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Thanks For The Memories


Electrodes wired into the brain's hippocampus can bypass a damaged memory region (the red X) and restore or reinforce memories.

Researchers have found a way to boost human memory by digitally recording memories through tiny electrodes wired into the brain.

Credit: University of Southern California

Researchers have found a way to boost memory in the human brain by digitally recording memories through tiny electrodes, then reintroducing those memories back into the brain at a later time.

"This is the first time scientists have been able to identify a patient's own brain-cell code or pattern for memory and, in essence, 'write in' that code to make existing memory work better," says Robert Hampson, a professor of physiology and pharmacology at the Wake Forest School of Medicine of Wake Forest University in North Carolina, and a lead researcher on the study.

Using this method, researchers at Wake Forest, working with colleagues at the University of Southern California (USC), were able to boost memory by 35% in an initial test of their system, before boosting memory again by 37% in a second test.

"Memory is a complex process, and we are quite pleased with the success of the current system to improve human memory," says Sam A. Deadwyler, a professor of physiology and pharmacology at Wake Forest and a lead researcher on the study.  "It is clear that we need to continue the evolution of the techniques utilized in our prosthetic system, and to extend our understanding of how to most effectively apply these principles for restoring memory function."

The researchers say they captured the memories by inserting tiny electrodes into the brain through holes drilled into the skull, and then 'listening' to individual neurons as they created memories.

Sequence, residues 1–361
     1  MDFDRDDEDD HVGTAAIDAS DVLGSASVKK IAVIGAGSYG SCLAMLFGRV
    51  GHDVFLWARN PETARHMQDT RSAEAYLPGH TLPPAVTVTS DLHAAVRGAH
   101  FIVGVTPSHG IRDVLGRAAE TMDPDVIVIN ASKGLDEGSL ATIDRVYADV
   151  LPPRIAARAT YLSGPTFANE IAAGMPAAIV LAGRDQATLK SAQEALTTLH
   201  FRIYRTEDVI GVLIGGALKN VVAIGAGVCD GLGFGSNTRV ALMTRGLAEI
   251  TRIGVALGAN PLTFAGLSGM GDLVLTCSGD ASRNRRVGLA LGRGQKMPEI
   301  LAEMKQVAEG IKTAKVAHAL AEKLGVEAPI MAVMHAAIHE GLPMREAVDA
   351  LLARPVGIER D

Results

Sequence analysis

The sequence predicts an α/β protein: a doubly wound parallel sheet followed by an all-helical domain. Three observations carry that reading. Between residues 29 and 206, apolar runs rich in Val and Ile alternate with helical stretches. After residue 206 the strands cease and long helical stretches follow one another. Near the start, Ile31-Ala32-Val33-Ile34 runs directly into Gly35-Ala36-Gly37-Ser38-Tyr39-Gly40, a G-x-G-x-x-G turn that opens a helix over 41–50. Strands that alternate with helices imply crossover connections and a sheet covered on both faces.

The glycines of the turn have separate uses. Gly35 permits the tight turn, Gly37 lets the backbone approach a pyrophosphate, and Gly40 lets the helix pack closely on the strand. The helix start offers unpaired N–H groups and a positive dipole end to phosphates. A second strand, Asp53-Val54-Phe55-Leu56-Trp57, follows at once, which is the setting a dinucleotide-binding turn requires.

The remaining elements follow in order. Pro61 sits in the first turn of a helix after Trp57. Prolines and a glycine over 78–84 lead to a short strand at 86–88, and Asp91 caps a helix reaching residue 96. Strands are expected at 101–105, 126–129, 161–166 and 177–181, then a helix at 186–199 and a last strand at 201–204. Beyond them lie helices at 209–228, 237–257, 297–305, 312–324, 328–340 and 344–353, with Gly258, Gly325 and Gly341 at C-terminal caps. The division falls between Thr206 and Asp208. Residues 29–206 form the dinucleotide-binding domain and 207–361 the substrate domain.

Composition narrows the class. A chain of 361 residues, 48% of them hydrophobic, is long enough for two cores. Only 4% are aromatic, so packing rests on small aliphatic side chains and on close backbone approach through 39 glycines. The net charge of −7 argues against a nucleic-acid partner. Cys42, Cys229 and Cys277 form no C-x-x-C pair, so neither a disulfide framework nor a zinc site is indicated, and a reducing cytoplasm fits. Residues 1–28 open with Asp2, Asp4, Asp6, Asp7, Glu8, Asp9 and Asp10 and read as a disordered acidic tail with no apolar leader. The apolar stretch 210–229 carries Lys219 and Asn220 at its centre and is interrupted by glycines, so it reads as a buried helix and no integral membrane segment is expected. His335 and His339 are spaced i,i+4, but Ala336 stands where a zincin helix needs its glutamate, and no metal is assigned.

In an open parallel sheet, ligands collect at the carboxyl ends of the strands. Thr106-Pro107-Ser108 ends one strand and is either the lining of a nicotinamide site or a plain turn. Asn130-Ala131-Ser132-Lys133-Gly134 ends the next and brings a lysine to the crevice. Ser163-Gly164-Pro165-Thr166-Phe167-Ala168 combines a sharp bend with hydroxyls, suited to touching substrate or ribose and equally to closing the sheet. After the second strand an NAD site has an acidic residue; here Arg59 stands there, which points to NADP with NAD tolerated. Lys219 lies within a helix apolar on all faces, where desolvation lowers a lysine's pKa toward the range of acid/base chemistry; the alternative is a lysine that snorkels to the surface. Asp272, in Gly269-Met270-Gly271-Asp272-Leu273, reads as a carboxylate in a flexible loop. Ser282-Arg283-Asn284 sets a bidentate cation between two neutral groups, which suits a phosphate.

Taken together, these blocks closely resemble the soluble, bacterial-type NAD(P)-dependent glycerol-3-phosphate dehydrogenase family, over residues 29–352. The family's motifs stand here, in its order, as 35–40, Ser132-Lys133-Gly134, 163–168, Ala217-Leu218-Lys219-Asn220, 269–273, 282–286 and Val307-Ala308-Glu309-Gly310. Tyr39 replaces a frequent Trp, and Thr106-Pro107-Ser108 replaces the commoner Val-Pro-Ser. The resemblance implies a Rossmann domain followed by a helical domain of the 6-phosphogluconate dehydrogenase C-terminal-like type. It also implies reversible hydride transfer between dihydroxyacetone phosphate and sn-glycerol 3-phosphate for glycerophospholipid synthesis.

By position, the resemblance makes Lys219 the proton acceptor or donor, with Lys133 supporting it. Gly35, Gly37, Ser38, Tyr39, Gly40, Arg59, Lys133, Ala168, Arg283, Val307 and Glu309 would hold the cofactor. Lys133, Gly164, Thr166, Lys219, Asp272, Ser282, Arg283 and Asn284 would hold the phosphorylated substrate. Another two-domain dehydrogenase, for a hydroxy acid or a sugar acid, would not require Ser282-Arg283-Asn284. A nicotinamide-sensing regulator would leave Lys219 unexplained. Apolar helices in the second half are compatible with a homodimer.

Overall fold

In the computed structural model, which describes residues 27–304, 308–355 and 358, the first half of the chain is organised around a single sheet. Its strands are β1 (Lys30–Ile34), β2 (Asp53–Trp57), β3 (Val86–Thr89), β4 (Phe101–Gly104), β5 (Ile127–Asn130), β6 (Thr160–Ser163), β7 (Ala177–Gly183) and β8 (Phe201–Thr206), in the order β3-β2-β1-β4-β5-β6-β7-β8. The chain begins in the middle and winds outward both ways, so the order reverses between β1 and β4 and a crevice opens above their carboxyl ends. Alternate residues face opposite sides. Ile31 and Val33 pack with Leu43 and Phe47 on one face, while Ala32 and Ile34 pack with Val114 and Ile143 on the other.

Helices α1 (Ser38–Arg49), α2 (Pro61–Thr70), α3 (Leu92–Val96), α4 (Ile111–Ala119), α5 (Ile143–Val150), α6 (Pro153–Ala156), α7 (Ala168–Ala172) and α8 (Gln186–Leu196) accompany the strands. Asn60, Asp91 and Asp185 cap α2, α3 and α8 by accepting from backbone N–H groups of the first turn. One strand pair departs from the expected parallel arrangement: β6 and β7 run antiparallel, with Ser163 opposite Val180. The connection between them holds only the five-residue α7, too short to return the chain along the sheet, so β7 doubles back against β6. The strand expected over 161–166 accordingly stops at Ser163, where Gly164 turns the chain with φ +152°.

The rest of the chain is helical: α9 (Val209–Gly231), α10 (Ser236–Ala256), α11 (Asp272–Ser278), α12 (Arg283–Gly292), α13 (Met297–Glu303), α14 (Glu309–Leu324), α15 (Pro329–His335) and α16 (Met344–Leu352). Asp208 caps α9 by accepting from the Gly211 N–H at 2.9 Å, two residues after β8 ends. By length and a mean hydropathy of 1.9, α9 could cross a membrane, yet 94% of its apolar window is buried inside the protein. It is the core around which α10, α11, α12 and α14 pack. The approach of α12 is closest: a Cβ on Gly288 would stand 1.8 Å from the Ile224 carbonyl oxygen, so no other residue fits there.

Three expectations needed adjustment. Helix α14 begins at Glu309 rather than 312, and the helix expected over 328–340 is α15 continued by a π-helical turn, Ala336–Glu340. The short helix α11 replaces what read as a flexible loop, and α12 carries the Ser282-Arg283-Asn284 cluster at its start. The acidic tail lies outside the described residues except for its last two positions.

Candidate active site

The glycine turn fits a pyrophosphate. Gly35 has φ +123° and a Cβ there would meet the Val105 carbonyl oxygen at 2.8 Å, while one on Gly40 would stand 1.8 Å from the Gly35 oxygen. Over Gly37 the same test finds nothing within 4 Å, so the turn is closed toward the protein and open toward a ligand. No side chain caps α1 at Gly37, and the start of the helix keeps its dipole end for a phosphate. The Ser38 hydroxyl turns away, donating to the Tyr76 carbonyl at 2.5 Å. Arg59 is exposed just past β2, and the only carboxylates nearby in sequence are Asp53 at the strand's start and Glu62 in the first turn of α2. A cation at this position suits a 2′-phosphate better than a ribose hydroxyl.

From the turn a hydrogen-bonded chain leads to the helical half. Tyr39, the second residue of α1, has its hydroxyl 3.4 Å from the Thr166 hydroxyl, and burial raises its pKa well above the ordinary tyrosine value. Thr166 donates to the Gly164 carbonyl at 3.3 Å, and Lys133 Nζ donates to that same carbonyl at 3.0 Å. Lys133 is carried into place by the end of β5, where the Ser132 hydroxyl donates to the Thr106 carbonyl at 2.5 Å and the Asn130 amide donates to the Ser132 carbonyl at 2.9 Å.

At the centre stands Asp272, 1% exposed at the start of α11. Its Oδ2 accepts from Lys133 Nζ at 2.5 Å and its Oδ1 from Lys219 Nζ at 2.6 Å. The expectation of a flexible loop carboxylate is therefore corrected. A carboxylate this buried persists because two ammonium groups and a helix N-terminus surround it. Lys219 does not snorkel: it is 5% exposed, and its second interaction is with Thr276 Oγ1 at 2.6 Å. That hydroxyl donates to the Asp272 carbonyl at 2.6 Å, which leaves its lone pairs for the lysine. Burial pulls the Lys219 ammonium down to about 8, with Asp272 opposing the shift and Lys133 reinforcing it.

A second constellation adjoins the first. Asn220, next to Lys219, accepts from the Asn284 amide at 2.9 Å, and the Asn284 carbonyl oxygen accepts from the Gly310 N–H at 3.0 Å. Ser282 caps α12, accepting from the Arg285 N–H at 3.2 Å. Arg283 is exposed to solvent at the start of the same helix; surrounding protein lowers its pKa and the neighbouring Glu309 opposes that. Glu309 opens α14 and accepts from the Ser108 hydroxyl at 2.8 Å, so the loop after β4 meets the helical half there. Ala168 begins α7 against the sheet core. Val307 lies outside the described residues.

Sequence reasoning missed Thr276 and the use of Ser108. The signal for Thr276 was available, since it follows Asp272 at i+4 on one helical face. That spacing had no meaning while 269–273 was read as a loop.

The study's subjects were epilepsy patients, people whose brains were already under analysis by doctors looking to find treatments for their seizures.

Researchers say each time a memory is generated in the brain, neurons send out telegraphic-like signals, a series of beeps and similar sounds.  They captured those signals from the patients they studied with the tiny electrodes, recording them digitally on a computer.

In practice, each neuron involved in the creation of a memory only captures a tiny facet of a memory, according to biomedical engineer and neuroscientist Theodore Berger, director of the Center for Neural Engineering at USC. When sensing a human face, he explains, one neuron may transmit telegraphic-like signals about hair color, another may sense cheekbones, and a third may send signals about a crooked smile. All that data is captured by the electrodes, then run through software developed at USC that makes sense of all the telegraphic-like signals and renders the memory digitally, Berger says.

The precise number of neurons needed to store a memory is unknown, but the telegraphic-like signals from the approximately 40 neurons researchers were able to listen to were ultimately enough to capture a memory and boost its recall significantly.